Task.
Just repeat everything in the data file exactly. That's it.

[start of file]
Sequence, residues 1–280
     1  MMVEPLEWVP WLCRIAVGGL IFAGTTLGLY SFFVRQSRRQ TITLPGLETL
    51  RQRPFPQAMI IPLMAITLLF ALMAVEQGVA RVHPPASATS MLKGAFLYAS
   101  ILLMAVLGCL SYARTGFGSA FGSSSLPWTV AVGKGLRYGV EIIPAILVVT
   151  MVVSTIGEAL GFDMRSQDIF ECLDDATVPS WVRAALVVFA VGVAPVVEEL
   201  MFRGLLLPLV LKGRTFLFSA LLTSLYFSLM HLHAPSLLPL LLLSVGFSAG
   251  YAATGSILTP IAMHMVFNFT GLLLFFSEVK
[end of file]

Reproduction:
Sequence, residues 1–280
     1  MMVEPLEWVP WLCRIAVGGL IFAGTTLGLY SFFVRQSRRQ TITLPGLETL
    51  RQRPFPQAMI IPLMAITLLF ALMAVEQGVA RVHPPASATS MLKGAFLYAS
   101  ILLMAVLGCL SYARTGFGSA FGSSSLPWTV AVGKGLRYGV EIIPAILVVT
   151  MVVSTIGEAL GFDMRSQDIF ECLDDATVPS WVRAALVVFA VGVAPVVEEL
   201  MFRGLLLPLV LKGRTFLFSA LLTSLYFSLM HLHAPSLLPL LLLSVGFSAG
   251  YAATGSILTP IAMHMVFNFT GLLLFFSEVK